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Eating Well—and Safely—During Your Golden Years
Immunity Declines With Age
Food for Thought
All of these foods can contain bacteria. Cooking kills the harmful microorganisms, but none of these foods are eaten heated. The bacteria can cause everything from flu-like symptoms to meningitis, a life-threatening inflammation of the membranes that surround the brain and spinal cord.
Raw, unpasteurized eggs may contain bacteria that can cause nausea and diarrhea, but it can also lead to serious complications such as severe dehydration. Runny eggs and sunny sides-up can contain bacteria too. Eggs that are runny are not exposed to enough heat to kill the bacteria that may be present, and sunny sides-up would need to be flipped over to make sure the bacteria are killed on both sides.
These foods sometimes contain bacteria thatcan cause severe dehydration and stomach cramps to fever and blood poisoning.
These curly vegetable threads that often appear atop salads or tucked into sandwiches can contain bacteria. The high level of moisture sprouts need to grow provides the perfect environment for bacteria to thrive. Since the sprouts are typically eaten raw, the pathogens—which can cause kidney failure—don't get killed during cooking. Washing thoroughly doesn't rid them of all the bacteria either.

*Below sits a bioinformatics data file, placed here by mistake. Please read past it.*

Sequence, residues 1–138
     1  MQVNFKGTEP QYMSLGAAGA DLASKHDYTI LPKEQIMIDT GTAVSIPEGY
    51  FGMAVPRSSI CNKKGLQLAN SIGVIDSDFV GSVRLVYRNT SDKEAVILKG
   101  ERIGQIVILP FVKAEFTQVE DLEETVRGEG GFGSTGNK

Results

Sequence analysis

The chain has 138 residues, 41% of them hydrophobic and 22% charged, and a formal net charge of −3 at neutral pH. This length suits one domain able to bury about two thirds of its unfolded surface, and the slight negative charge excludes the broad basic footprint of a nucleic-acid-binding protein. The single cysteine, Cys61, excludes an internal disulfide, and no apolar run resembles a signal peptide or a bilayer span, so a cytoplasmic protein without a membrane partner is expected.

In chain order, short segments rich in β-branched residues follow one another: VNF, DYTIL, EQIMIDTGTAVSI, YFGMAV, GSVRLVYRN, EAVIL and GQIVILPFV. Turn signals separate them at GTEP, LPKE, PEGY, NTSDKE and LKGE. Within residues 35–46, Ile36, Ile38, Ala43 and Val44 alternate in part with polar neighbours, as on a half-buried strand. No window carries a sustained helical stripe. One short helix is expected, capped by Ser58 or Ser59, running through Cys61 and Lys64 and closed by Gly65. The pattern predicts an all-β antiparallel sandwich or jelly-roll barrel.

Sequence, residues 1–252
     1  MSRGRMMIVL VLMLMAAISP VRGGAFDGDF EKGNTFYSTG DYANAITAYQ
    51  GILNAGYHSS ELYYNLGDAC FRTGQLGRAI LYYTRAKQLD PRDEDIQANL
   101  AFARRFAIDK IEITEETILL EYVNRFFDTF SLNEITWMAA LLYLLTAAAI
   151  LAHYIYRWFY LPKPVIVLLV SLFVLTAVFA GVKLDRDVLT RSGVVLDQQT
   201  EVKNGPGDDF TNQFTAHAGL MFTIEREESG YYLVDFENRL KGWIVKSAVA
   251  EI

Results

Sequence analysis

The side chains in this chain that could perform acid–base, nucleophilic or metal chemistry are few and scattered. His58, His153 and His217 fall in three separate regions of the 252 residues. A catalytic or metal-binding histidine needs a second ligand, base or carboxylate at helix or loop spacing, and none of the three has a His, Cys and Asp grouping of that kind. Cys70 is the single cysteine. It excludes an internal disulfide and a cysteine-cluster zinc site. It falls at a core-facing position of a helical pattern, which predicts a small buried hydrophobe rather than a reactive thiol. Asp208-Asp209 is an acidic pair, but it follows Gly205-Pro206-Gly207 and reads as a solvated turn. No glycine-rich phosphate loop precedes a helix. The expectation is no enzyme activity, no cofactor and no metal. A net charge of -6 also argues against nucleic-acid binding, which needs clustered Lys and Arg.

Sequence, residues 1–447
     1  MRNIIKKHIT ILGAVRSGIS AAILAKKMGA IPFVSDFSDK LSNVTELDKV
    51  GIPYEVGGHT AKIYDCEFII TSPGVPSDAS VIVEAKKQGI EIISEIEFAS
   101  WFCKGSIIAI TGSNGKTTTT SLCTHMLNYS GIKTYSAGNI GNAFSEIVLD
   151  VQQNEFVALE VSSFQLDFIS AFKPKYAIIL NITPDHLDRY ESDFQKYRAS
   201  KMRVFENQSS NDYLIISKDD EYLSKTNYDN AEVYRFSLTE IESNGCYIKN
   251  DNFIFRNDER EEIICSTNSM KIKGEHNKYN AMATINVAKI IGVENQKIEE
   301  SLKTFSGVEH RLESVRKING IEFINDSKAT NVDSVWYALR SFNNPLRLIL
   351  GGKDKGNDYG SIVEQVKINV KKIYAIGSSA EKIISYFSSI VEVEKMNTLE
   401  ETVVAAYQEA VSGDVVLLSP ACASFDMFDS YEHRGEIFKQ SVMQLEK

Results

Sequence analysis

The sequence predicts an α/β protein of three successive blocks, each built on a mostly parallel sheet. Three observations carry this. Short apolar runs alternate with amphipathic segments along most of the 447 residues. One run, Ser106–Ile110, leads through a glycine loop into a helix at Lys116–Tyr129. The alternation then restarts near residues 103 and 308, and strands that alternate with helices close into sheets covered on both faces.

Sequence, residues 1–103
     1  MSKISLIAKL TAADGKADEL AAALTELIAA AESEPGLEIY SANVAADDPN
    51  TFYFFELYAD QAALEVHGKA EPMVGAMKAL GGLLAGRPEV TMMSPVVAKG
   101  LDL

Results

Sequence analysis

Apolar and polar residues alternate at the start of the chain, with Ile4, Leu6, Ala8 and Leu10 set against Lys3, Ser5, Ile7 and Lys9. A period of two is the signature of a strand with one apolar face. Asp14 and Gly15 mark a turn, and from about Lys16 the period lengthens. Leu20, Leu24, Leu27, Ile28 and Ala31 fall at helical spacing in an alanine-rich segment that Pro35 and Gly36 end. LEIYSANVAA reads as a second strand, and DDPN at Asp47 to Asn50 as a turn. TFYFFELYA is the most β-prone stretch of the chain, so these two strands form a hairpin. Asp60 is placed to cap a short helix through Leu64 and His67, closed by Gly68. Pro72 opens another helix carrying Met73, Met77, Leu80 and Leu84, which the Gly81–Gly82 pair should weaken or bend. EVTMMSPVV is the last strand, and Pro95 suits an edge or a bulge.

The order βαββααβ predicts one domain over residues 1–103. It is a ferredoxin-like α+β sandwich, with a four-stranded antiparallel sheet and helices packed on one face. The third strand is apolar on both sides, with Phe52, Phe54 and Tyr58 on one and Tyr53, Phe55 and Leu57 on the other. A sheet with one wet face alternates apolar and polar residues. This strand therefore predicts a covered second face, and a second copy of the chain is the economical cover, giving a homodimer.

Some juice may be unpasteurized, meaning that it has not been treated to kill harmful bacteria. It may cause foodborne illness, ranging from diarrhea and stomach cramps to more severe symptoms.
Coping with Illness
Fight BAC http://www.fightbac.org
United States Department of Agriculture http://www.usda.gov
Canadian Partnership for Consumer Food Safety Education http://www.canfightbac.org
Health Canada http://www.hc-sc.gc.ca
E. coli infection and food safety. Centers for Disease Control and Prevention website. Available at: http://www.cdc.gov/features/ecoliinfection/. Updated July 29, 2013. Accessed September 4, 2013.
Food safety for older adults. United States Food and Drug Administration website. Available at: http://www.fda.gov/downloads/Food/ResourcesForYou/Consumers/SelectedHealthTopics/UCM312790.pdf. Updated September 2011. Accessed September 3, 2013.
For safety for older adults. United States Food and Drug Administration and United States Department of Agriculture website. Available at: http://www.foodsafety.gov/poisoning/risk/olderadults/. Accessed September 4, 2013.
Listeria (listeriosis): definition. Centers for Disease Control and Prevention website. Available at: http://www.cdc.gov/listeria/definition.html. Updated July 11, 2013. Accessed September 4, 2013.
Listeria (listeriosis): prevention. Centers for Disease Control and Prevention website. Available at: http://www.cdc.gov/listeria/prevention.html. Updated August 1, 2013. Accessed September 4, 2013.
Older adults and food safety. United States Department of Agriculture Food Safety and Inspection Service website. Available at: http://www.fsis.usda.gov/wps/wcm/connect/ab56957a-3f3c-4b67-aece-44ef1890b0fd/Older%5FAdults%5Fand%5FFood%5FSafety.pdf?MOD=AJPERES. Accessed September 4, 2013.
- Reviewer: Michael Woods, MD
- Review Date: 09/2013
- Update Date: 09/04/2013